Google to Cities: 1 Gbps for All – Next American City
Kansas City will be the first city to get Google Fiber’s 1 Gbps Internet connection. Credit: Pam Broviak on Flickr
From bridges to high-speed rail, the U.S. frequently lags behind other developed nations in infrastructure investment and development. One increasingly vital piece of infrastructure that has kept Americans envious is Internet speed.
Consider these numbers: The average connection speed in the U.S. is roughly 5 Mbps, or megabits per second. By comparison, South Korea’s is nearly 18 Mbps. But of course, that’s tech-savvy South Korea. What about a former communist country like Romania? The average speed there is 15 Mbps. In fact, the U.S. Internet speed ranking is a far-from-respectable 26th place.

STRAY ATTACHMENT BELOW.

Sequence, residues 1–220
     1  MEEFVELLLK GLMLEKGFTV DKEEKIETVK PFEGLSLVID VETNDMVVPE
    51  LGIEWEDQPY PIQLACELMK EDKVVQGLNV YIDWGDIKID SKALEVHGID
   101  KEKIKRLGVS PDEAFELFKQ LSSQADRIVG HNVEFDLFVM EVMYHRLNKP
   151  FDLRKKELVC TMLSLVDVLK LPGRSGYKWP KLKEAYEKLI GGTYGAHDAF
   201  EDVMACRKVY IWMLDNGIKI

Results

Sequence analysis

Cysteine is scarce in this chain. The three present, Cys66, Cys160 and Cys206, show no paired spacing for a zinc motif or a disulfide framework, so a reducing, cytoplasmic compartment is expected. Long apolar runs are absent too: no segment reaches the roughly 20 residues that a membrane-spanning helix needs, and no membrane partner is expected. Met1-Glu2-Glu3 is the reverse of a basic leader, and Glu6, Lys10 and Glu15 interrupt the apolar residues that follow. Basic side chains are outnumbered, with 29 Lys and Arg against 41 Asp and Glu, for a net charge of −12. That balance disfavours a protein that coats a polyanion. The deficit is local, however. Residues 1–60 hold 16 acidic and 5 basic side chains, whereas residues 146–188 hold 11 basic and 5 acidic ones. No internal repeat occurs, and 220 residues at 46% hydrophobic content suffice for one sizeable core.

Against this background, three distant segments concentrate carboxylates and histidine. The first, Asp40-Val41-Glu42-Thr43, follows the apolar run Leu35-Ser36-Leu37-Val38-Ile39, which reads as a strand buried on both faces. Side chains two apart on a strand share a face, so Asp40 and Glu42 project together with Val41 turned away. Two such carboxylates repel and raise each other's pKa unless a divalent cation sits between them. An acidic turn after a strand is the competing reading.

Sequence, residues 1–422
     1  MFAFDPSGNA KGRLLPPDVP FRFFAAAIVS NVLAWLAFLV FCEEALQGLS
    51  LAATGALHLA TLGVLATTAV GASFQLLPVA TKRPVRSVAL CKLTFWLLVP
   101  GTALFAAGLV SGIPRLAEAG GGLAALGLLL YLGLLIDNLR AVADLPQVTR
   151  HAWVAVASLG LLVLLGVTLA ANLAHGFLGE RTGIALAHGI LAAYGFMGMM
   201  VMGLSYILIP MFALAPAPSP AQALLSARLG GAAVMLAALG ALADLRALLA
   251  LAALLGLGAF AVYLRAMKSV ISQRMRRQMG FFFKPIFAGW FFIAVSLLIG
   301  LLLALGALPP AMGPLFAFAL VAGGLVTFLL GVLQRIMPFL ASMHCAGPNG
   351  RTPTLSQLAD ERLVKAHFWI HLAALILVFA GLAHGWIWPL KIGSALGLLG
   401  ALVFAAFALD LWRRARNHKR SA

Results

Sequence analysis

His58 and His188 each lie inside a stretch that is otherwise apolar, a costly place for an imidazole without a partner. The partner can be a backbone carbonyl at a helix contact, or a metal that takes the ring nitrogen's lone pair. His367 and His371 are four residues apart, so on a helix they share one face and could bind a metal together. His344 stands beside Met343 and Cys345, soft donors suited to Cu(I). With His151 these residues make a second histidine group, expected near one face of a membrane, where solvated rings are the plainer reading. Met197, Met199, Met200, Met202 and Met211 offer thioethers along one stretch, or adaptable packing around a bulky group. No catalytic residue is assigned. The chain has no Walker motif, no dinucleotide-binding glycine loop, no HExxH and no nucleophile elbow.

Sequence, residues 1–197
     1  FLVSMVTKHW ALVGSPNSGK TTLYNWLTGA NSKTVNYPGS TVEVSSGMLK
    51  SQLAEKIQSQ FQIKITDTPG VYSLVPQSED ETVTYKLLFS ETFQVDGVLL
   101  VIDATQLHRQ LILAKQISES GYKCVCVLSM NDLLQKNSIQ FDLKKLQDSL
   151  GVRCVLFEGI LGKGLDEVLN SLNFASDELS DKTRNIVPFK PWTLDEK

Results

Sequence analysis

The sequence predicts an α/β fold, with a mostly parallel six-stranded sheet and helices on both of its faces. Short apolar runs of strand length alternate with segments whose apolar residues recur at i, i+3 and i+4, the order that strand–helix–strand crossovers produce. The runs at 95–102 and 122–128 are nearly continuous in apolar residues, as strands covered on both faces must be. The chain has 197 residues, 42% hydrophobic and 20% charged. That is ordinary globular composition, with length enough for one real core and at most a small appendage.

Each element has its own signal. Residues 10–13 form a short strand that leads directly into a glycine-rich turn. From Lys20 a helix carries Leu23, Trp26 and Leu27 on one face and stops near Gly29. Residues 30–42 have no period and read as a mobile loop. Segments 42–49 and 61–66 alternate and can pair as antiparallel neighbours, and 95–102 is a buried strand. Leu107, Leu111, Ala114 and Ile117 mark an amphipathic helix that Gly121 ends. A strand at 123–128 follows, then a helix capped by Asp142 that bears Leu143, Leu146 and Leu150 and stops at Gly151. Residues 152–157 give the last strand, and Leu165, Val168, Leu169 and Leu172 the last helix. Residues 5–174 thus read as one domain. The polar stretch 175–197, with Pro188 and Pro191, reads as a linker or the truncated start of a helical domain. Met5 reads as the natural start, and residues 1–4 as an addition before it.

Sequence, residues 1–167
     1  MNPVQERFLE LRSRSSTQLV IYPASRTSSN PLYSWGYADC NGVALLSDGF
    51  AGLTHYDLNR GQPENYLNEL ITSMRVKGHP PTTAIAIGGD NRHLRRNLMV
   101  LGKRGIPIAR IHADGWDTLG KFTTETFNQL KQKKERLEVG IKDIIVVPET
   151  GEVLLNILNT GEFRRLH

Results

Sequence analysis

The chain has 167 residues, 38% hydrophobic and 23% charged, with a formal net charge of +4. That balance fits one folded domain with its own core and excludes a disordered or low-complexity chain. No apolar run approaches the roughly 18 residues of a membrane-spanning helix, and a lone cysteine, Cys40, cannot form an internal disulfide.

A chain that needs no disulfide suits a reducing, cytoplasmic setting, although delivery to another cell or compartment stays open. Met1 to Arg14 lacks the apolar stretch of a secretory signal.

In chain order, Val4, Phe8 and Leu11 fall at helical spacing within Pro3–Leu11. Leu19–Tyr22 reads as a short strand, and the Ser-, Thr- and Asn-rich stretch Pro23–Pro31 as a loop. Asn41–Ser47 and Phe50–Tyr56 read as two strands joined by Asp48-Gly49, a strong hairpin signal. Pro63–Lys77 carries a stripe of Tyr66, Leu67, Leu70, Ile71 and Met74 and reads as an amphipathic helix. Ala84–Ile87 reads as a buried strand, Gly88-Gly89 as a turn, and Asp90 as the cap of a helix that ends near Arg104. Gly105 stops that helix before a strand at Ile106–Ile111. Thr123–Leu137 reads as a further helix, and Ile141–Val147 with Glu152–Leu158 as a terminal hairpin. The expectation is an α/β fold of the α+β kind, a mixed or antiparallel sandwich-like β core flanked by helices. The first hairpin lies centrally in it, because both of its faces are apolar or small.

But the country may be on track to make a comeback. Last week, Google announced the beginning of its Google Fiber services in Kansas City, chosen last year as winner of the tech giant’s search for a city to launch itself as, among many other things, an Internet service provider (ISP). Passing over cities like Austin, Texas, Google chose Kansas City, Kansas originally and enlarged its vision to also include the larger Missouri city across the river.
Since deciding on Kansas City, Google has been doing the necessary studies to roll out its fiber network. But that doesn’t mean that since the service officially began last week, residents are already happily using Google Internet.